Japan PM concerned over human rights situation in China

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Leaders of European countries on Thursday, the first day of the summit, also expressed concern about friction between China and other nations over human rights and other issues….reports Asian Lite News

Japanese Prime Minister Fumio Kishida expressed strong concern over human rights issues in China during his remarks at a virtual meeting of leaders from about 50 Asian and European countries on Friday.

Kishida voiced worries about the human rights situation in Hong Kong as well as the Xinjiang region in northwestern China on the sidelines of the two-day summit, Kyodo News reported.

Further, the Japan Prime Minister also said he strongly opposes unilateral attempts to change the status quo in the East and South China seas, apparently criticizing China’s military buildup.

Leaders of European countries on Thursday, the first day of the summit, also expressed concern about friction between China and other nations over human rights and other issues.

The leaders expressed concerns over the situation in Myanmar, where the military seized power after toppling a civilian government led by Aung San Suu Kyi in February this year.

On the other hand, the ASEM leaders urged the ruling junta to accept a special envoy of the Association of Southeast Asian Nations, who is supposed to mediate between the stakeholders in the country.

Myanmar did not participate in the ASEM summit, after being told that only a “nonpolitical representative” could attend, the Japanese publication reported citing ASEAN sources.

During the meet, instead of specifically referring to territorial disputes in the South China Sea, the leaders mentioned the importance of a peaceful solution to conflicts based on international law and freedom of navigation.

The ASEM group involves about 50 countries from Asia and Europe.

US varsities protest against China

Universities in the US have increased the intensity of their protest against the Chinese authorities as Beijing tries to redeem its image over ongoing genocide in Xinjiang.

According to the Washington Post, in 2021, students in universities across the country are organizing to protest China’s ongoing genocide against Uyghur Muslims in Xinjiang. The Catholic University of America in Washington, D.C., may have just scored the movement’s first big success.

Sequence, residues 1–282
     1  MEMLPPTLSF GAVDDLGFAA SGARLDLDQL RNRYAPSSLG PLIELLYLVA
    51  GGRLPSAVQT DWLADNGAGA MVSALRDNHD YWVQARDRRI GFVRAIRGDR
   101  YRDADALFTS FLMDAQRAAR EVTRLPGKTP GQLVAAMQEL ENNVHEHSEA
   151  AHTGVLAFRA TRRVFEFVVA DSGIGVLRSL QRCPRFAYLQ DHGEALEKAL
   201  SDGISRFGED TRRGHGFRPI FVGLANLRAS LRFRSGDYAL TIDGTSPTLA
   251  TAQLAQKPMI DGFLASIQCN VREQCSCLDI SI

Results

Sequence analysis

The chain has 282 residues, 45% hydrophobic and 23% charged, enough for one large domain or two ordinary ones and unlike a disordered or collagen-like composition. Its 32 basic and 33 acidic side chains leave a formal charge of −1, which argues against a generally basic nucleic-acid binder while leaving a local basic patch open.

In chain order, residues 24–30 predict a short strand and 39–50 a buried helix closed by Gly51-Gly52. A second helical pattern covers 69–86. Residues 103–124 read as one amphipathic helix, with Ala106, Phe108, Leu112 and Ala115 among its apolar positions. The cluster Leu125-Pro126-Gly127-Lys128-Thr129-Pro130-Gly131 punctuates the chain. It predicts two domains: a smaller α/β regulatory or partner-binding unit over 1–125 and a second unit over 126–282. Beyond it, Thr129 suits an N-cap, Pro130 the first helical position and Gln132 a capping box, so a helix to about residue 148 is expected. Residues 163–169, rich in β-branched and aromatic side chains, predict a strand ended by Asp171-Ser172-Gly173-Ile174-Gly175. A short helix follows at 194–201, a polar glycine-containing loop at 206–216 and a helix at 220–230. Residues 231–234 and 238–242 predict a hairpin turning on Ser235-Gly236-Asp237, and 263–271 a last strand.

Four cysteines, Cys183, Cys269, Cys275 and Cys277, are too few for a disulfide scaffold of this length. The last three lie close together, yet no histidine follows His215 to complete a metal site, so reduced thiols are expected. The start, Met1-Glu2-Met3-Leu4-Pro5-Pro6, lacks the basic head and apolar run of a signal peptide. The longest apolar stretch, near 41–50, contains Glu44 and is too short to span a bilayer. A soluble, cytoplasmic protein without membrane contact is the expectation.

However, the student government association passed a resolution calling on the university to divest any and all of its financial holdings connected to Xinjiang atrocities.

Student Government Association further condemned Beijing’s mass internment, forced labor, mass surveillance or other crimes committed against Uyghurs and other ethnic minorities in China.”

According to the Washington Post, the student anti-genocide movement is already working hand in hand with other human rights groups, including the Uyghur Human Rights Project, Students for a Free Tibet, Keep Taiwan Free and many more. The efforts to raise awareness of the Chinese government’s various atrocities are getting increasingly organized.

According to the publication, the students are taking the lead because the political and business classes have abdicated responsibility for stopping the Chinese government’s human rights abuses. “This next generation of activists is determined to force all of us to decide if we want to be complicit in genocide or not. The movement’s success may be the Uyghurs’ only hope,” it said.

The Catholic University’s example sets a precedent that can be used to push for divestment in schools across the country and the world, said John Metz, Athenai’s executive director.

“Importantly, the resolution specifically calls out Wall Street index funds, which routinely funnel money from institutional investors — such as university endowments — into Chinese companies, including many that are connected to human rights abuses,” he said.

“This is not just about how colleges and universities in this country relate to China, it’s also about how investors with hundreds of billions in managed funds relate to China,” he added. (ANI)

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